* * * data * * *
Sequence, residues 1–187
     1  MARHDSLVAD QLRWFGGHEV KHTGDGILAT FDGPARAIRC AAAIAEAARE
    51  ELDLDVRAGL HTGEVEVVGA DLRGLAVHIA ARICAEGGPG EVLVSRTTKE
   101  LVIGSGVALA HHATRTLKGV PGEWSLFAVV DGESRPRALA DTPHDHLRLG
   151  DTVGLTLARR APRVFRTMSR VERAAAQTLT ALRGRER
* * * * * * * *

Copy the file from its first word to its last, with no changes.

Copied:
Sequence, residues 1–187
     1  MARHDSLVAD QLRWFGGHEV KHTGDGILAT FDGPARAIRC AAAIAEAARE
    51  ELDLDVRAGL HTGEVEVVGA DLRGLAVHIA ARICAEGGPG EVLVSRTTKE
   101  LVIGSGVALA HHATRTLKGV PGEWSLFAVV DGESRPRALA DTPHDHLRLG
   151  DTVGLTLARR APRVFRTMSR VERAAAQTLT ALRGRER